5 Strategies to Enhance Economic and Financial Education at Home

  • Ask about what your child is learning at school and point out examples as you shop, watch television, or read together. Check out the grade-level AKS in the social studies curriculum. If trade is the topic, point out “made in” labels at the clothing store. Learning about the stock market? Research a favorite toy company or restaurant. Then, follow the company’s stock in the business pages. Talk about TV ads and their impact on your own buying habits to coincide with classroom lessons on the marketplace.

    Help your child learn to budget and save money from an allowance, gifts, or a job. Look at a plan for short- and long-term savings. Depending on your child’s age, he may be saving for a new skateboard, a car, or college. The key is regular deposits and learning to “pay yourself first.”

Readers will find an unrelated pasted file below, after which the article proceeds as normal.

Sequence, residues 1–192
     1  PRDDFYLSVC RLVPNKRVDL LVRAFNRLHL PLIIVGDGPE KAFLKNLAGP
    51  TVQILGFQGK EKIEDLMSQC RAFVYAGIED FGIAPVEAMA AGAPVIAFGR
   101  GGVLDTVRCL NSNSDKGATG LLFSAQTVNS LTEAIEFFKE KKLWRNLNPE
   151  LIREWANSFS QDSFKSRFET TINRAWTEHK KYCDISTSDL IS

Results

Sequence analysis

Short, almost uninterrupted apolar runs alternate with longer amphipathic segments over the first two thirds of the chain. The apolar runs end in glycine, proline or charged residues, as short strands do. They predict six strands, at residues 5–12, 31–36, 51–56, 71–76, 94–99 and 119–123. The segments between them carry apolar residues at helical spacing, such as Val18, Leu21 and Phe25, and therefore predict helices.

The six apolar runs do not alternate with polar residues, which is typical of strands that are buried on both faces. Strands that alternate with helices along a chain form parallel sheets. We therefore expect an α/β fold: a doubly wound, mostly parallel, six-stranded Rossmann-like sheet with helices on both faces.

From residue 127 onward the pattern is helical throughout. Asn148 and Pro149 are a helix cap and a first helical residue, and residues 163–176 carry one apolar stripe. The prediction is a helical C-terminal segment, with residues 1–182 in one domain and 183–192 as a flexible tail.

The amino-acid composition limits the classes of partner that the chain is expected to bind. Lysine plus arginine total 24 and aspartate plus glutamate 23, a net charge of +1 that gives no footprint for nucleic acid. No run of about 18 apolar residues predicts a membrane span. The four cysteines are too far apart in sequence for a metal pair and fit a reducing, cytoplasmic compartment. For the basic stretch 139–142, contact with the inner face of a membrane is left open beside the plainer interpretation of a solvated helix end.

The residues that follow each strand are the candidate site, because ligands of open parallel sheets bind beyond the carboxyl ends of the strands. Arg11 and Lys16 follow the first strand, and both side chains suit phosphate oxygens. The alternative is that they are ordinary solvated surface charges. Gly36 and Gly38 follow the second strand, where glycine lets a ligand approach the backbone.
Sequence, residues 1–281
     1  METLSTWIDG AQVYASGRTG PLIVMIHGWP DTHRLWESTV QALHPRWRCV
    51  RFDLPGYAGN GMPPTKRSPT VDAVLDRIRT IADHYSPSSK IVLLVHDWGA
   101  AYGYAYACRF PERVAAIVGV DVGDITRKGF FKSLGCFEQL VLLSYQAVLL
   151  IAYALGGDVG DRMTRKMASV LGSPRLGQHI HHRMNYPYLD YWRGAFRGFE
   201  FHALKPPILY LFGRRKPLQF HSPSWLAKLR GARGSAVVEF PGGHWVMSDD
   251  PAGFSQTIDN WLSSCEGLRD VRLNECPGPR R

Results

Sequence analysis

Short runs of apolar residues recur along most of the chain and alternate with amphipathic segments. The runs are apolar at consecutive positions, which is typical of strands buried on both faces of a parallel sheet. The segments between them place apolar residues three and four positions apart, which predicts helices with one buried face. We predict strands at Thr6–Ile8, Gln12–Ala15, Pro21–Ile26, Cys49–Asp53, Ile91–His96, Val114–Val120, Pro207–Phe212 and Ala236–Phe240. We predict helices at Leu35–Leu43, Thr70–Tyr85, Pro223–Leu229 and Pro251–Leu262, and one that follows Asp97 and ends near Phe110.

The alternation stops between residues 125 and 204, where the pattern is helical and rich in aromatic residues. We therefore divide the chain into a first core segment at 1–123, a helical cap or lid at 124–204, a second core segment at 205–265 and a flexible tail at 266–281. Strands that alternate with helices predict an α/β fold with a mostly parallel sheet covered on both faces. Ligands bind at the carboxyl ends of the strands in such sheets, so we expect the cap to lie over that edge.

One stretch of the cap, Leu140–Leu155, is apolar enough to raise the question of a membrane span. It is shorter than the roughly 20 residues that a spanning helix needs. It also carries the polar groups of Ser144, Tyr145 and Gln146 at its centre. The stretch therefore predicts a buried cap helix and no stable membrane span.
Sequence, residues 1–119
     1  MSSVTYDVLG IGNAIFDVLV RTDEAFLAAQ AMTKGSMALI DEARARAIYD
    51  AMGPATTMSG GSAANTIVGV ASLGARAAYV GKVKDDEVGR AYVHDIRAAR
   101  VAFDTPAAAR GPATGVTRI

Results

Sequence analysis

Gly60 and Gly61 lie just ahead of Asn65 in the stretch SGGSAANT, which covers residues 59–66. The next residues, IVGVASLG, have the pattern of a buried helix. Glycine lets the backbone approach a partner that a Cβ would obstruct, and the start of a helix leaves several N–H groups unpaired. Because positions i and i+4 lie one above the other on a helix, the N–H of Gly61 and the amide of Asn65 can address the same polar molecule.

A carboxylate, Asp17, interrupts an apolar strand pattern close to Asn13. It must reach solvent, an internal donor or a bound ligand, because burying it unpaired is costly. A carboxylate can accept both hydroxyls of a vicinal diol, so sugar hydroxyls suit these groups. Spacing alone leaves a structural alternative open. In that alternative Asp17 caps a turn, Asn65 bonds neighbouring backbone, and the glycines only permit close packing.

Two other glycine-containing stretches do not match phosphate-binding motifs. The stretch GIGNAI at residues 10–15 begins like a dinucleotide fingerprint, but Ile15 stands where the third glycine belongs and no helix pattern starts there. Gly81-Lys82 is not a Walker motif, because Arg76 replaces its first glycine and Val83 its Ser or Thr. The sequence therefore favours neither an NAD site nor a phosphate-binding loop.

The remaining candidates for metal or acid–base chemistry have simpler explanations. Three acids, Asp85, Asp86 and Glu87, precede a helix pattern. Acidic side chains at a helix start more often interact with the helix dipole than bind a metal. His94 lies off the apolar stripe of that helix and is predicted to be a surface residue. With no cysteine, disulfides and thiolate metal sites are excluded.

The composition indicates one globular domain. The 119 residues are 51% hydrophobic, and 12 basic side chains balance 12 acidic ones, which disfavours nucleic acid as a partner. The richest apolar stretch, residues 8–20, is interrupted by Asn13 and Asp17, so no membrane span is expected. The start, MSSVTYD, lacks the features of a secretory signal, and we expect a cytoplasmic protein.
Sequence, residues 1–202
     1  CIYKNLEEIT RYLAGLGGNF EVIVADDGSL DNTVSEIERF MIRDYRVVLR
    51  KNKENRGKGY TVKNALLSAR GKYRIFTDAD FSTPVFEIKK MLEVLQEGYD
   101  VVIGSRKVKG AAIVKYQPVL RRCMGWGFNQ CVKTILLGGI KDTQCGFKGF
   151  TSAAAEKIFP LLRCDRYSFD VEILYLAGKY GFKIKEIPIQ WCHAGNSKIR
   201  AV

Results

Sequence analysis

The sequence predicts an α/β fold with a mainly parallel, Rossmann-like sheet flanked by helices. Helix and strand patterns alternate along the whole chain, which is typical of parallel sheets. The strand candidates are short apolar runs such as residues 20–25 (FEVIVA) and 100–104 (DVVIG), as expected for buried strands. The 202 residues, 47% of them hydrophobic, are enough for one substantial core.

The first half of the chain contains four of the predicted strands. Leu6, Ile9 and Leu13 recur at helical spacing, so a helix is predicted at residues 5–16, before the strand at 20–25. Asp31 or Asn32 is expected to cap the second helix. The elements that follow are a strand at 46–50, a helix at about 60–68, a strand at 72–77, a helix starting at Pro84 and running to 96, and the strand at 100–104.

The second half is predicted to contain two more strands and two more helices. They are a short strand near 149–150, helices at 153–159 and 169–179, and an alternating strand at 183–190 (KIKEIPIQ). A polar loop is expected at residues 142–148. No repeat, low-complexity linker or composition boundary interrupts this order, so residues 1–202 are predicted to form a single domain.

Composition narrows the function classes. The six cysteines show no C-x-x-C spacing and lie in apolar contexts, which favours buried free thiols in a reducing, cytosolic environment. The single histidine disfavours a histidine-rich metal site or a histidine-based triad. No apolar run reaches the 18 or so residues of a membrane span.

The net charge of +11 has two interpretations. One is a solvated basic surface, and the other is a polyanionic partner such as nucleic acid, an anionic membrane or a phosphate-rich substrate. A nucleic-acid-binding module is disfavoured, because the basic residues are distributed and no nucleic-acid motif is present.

With your older children, be blunt. Without a house payment and other adult responsibilities, high-schoolers with jobs may have more spending money than their parents. Talk about the true costs of running a household. When you tell your son, again, to close the door or turn out the lights, show him a utility bill so he knows why! Discuss the dangers of credit cards. Let him watch you shred all those tempting, but unneeded, credit card and loan offers.

    Include your child in family financial discussions. When discussing family finances with your child, help her see the process for deciding what you can and can’t afford, and trade-offs involved. Bust the myth that “money grows on trees” by showing that adults budget and save, too.

    It’s never too early to talk about… retirement. From the very first paycheck, teens need to be thinking ahead. The earlier workers start building a nest egg, the more secure their financial future. Your child will look to you as a model.